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6 Common Myths About Sex After 50 You Need to Stop Believing

Sex after 50 is surrounded by common myths and misconceptions. Find out the truth about you and your partner's intimacy with these debunked myths.

Portrait of relaxed mature couple having a glass of wine at campsite. Senior man and woman toasting wine at on summer day.Jacob Lund/Shutterstock

Sex After 50

Judging from the images the popular media puts forth, you’d think sex was only for twenty-somethings. Nothing is further from the truth. Sex at midlife and beyond is a subject mired in confusion and misinformation. Here are some common myths, and the straight story about sex after 50.

Senior couple on a walk in an autumn nature.Halfpoint/Shutterstock

Myth:


Beyond a certain age, people have little interest in sex.

Fact:

There is no age limit on sexuality, but for people age 50 and over, sexual satisfaction depends more on the overall quality of the relationship than it does for younger couples. According to a University of Michigan National Poll on Healthy Aging, surveying adults 65-80, nearly three in four older adults (73%) indicated they were satisfied with their sex life. (Plus, research reveals that having sex at least once a week can help you live longer.)

Portrait of a senior man sitting on a log near lake and looking away. Mature man sitting alone on lake.Jacob Lund/Shutterstock

Myth:


As a man ages, he loses his ability to get an erection.

Fact:

Aging itself is not a cause of erectile dysfunction. However, diminishing hormone levels do precipitate some changes. A man may need more physical stimulation to become aroused, and his erection may not be quite as firm as when he was younger—but sex is no less pleasurable.

Mature couple using laptop while in bedbbernard/Shutterstock

Myth:


Emotional and psychological factors are responsible for a woman’s lack of interest in sex at midlife and beyond.

Fact:

Physical factors can play an even larger role. According to the North American Menopause Society, hormonal changes at menopause can affect a woman’s sexual response. Low estrogen levels can result in vaginal dryness, causing discomfort during sex. And in some women, lower testosterone levels can mean a lack of energy and a weaker sex drive. Other women find their interest in sex increases after menopause, due, in part, to a shift in the ratio of testosterone to estrogen and progesterone. Here are 12 ways sex is different after menopause.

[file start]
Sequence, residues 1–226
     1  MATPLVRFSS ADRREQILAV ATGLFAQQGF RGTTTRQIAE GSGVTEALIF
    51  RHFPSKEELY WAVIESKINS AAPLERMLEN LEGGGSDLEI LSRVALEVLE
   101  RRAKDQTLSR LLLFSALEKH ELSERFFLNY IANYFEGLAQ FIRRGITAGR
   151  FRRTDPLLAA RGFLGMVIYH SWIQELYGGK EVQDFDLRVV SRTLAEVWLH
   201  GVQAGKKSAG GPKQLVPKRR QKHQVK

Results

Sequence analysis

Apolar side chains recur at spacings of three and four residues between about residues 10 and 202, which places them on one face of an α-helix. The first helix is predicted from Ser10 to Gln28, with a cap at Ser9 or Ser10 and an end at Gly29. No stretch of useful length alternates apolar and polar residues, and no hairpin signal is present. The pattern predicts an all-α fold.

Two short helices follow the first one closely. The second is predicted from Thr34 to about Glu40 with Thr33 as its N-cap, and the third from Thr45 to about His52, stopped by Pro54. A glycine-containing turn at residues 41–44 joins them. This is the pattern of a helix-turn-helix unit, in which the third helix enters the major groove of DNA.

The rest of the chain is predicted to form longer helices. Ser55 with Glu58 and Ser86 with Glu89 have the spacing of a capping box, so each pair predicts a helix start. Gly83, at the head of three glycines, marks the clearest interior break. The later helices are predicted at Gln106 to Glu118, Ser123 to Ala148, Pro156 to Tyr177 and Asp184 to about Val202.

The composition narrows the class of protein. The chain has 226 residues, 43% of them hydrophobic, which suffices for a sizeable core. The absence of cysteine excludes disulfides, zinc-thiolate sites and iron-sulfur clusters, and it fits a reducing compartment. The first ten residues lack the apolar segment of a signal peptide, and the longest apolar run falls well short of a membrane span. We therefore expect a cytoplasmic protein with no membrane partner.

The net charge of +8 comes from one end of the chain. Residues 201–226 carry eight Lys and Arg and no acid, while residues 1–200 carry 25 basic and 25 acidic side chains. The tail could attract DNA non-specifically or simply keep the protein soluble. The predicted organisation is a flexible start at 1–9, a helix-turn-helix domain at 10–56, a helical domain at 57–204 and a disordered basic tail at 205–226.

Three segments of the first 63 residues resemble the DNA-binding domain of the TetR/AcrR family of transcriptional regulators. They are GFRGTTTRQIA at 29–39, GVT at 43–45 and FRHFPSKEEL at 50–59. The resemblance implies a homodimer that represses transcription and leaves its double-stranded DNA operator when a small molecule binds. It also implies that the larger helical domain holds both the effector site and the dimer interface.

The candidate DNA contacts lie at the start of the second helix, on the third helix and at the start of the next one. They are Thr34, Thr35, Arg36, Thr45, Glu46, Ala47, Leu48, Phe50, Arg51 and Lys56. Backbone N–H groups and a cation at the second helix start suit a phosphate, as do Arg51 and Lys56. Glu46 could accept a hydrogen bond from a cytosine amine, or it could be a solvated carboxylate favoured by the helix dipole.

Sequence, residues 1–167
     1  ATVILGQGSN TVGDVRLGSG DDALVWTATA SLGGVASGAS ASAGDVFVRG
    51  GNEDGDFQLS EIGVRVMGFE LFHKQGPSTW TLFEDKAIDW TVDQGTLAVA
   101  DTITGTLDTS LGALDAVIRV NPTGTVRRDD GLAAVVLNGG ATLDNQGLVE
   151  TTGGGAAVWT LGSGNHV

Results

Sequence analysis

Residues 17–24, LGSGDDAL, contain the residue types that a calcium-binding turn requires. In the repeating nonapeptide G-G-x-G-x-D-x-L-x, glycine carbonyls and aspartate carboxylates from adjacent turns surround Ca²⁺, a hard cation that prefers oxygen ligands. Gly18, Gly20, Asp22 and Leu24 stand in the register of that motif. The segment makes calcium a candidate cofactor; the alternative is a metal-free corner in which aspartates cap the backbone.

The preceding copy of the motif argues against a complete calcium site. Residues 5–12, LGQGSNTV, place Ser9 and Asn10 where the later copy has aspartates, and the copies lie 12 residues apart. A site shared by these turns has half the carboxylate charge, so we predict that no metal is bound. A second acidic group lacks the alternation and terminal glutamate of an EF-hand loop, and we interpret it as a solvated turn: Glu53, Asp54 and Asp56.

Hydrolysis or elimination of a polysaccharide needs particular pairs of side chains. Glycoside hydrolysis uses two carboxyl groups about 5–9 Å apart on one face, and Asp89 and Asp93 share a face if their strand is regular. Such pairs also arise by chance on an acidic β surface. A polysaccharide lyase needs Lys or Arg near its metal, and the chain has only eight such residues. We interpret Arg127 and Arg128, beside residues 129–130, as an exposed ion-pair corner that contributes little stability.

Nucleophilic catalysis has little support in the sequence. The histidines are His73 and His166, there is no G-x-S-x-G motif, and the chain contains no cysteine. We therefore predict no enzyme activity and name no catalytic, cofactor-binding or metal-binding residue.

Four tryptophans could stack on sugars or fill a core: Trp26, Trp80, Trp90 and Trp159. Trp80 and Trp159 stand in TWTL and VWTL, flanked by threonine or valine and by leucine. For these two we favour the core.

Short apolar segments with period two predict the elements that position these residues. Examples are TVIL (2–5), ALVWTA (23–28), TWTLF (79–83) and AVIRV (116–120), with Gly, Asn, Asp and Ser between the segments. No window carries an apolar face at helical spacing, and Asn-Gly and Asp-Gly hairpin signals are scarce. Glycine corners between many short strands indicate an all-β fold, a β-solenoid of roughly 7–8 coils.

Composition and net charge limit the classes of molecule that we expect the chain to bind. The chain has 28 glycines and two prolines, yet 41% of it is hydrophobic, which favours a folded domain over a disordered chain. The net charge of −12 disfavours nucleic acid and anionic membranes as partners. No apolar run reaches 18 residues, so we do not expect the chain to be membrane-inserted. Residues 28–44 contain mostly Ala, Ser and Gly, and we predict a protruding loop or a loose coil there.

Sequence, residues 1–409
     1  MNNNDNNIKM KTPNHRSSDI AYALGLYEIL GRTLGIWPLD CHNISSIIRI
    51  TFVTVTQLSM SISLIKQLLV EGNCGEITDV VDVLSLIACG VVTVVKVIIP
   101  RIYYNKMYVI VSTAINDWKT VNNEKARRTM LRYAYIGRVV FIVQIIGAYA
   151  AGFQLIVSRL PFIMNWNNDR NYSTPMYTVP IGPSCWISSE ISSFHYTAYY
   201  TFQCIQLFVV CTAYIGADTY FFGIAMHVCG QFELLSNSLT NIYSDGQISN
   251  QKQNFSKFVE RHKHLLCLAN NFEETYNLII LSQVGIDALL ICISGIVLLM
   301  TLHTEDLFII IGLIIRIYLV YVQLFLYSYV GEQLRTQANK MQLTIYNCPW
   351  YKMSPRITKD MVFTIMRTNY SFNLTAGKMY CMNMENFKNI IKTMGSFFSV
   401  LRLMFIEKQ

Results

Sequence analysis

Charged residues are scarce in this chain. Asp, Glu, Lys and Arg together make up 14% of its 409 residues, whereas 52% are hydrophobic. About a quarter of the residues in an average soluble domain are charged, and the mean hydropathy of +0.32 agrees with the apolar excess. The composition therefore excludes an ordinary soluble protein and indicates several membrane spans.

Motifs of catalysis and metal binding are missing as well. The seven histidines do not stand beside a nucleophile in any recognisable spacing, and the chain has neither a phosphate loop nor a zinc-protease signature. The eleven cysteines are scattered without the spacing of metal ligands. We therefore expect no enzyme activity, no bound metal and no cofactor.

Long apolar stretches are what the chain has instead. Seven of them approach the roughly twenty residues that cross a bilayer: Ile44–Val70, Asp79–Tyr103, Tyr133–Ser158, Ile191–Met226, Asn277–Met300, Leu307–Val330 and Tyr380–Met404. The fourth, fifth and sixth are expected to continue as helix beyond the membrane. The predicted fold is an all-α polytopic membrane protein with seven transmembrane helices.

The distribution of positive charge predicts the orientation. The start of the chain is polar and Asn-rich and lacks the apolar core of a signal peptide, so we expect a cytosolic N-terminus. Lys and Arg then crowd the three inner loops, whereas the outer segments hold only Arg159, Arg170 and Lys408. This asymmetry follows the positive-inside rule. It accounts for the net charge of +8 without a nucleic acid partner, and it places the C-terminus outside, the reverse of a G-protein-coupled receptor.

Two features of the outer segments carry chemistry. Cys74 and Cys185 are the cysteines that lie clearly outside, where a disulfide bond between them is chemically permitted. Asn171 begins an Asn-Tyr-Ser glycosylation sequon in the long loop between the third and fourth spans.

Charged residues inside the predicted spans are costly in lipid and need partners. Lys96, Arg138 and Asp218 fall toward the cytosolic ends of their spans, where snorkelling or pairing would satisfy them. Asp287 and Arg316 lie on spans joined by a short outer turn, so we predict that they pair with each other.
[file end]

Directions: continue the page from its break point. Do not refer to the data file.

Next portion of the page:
Senior mother sitting in cafe bar or restaurant with her middle aged daughter and enjoying in conversation. hedgehog94/Shutterstock

Myth:


Masturbation diminishes your ability to enjoy sex with a partner.

Fact:

Masturbation can increase sexual pleasure, both with and without a partner. For women, it helps keep vaginal tissues moist and elastic and boosts hormone levels, which fuels sex drive, says the National Women’s Health Network. For men, it helps maintain erectile response. Find out to improve your sex life in just one day.

Mature African American Couple Walking In CountrysideMonkey Business Images/Shutterstock

Myth:


A man’s inability to get an erection is most likely the result of an emotional problem.

Fact:

Actually, physical causes—such as circulation problems, prostate disorders, and side effects associated with prescription medications—account for most erectile difficulties. The are prescription remedies as well: sildenafil, vardenafil and others. Don’t miss these 31 natural libido boosters.

Love lives forever! Senior couple at home. Handsome old man and attractive old woman are enjoying spending time together. Having fun and jumping in bed.4 PM production/Shutterstock

Myth:


Couples at midlife and beyond who don’t have regular sex have lost interest in sex or in each other.

Fact:

When older couples don’t have regular sex, it’s often because one partner has an illness or disability. (Here are 9 ways your body changes if you stop having sex.)

Of course, it’s true that sex isn’t going to stay exactly the same as you age. But the changes that take place aren’t all negative. Once a woman is past menopause and no longer concerned about pregnancy, many couples find it easier to relax and look forward to lovemaking. And partners who are retired or working only part-time often have more time and energy for each other, for making love as well as pursuing other shared activities.

By midlife, you know your own body and your partner’s intimately, and, hopefully, you’ve figured out how to communicate what you find pleasurable. It’s likely that you’ve shed any sexual inhibitions, and your sexual confidence and experience probably result in better sex for both of you. Just as important, sex may be more emotionally fulfilling because now it is driven less by hormones and more by the desire to share yourself with someone who loves you. Sex after age 65 may take place less often, but many find it becomes more gratifying than ever. Next, find out 48 ways to improve your sex life.

Sources
 
Medically reviewed by Tia Jackson-Bey, MD, on August 30, 2019
Originally Published in Reader's Digest